In late July, Beijing introduced a 10-year corporate tax break for established companies that could produce chips of 28 nanometres or smaller. It also expanded tax incentives for the entire semiconductor supply chain, from design to packaging.
The semiconductor industry is set to become one of the most prominent features in China’s five-year plan for the period 2021-25, which is expected to be endorsed when top leaders meet next month.
Chang Junfeng, the secretary general of the government-backed Shenzhen Semiconductor Industry Association, said Beijing’s attempt to develop a domestic chip industry was “natural” as it was a clear weak spot for the world’s second biggest economy.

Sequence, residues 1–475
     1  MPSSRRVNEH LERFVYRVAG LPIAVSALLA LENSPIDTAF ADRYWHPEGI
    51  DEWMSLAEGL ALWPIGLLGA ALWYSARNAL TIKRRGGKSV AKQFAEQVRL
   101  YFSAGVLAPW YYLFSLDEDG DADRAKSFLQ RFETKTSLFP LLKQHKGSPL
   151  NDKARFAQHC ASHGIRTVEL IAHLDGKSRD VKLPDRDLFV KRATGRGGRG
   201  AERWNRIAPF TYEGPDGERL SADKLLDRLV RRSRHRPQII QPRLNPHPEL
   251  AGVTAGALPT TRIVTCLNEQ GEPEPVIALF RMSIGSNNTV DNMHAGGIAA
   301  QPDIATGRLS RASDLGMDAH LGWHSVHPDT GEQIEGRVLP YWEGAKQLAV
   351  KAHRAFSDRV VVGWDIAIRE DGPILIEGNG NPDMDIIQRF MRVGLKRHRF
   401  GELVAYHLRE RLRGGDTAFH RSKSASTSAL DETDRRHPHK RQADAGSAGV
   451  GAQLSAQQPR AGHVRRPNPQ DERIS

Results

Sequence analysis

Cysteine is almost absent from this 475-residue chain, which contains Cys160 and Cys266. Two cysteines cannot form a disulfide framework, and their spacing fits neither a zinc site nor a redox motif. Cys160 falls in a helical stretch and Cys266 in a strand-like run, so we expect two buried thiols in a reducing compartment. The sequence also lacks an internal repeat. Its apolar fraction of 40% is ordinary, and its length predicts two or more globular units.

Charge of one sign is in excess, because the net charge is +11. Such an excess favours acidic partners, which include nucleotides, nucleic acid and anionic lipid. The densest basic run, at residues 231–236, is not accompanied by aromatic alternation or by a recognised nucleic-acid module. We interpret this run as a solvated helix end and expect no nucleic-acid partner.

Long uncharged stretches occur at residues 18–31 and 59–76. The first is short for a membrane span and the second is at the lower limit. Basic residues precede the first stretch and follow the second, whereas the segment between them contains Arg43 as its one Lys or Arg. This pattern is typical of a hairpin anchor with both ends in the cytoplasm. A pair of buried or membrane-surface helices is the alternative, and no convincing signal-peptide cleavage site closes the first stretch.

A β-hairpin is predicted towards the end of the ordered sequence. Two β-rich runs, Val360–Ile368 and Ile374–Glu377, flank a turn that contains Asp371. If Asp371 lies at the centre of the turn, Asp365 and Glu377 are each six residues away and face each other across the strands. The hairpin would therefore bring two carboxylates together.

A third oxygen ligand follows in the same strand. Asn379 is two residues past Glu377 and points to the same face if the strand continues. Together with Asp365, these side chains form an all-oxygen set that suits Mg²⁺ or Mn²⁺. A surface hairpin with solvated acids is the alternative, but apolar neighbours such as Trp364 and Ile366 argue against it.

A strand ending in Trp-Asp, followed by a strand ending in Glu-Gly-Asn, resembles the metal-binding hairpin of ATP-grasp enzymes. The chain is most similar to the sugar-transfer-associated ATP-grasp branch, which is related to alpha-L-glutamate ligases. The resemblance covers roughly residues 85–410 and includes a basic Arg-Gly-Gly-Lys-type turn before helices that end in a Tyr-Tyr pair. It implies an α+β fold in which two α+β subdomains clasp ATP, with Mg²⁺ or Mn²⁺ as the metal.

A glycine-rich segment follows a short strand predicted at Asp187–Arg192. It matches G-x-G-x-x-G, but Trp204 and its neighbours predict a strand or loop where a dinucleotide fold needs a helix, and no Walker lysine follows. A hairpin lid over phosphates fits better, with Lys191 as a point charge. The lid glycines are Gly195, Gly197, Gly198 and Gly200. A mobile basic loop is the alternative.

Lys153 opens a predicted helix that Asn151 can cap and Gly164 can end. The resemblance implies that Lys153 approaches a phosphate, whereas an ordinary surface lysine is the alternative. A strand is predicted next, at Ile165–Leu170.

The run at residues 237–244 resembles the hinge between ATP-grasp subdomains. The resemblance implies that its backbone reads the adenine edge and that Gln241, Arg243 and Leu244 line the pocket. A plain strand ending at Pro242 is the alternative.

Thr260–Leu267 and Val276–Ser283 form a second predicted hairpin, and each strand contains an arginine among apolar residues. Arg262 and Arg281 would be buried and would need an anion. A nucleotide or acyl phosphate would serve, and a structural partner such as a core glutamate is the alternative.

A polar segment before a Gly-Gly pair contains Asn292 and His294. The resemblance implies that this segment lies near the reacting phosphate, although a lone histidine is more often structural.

A new investment fever has emerged in the chip industry as Beijing rolls out preferential policies and cheap loans for projects, he said.
There used to be difficulties for the semiconductor industry to obtain enough financing, but now it is a hotter area than property investment
“There used to be difficulties for the semiconductor industry to obtain enough financing, but now it is a hotter area than property investment,” Chang said.
Across the country, it’s hard to find a province or major city that has not targeted semiconductor manufacturing as a key industry to develop for local economy. Guangdong, for instance, launched a local government fund of 10 billion yuan last week to help finance semiconductor projects in the province.
China’s total investment in the chip industry, from both state and private sectors, could reach 9.5 trillion yuan (US$1.39 billion) in the next five years, according to research by Guosen Securities, a brokerage based in Shenzhen.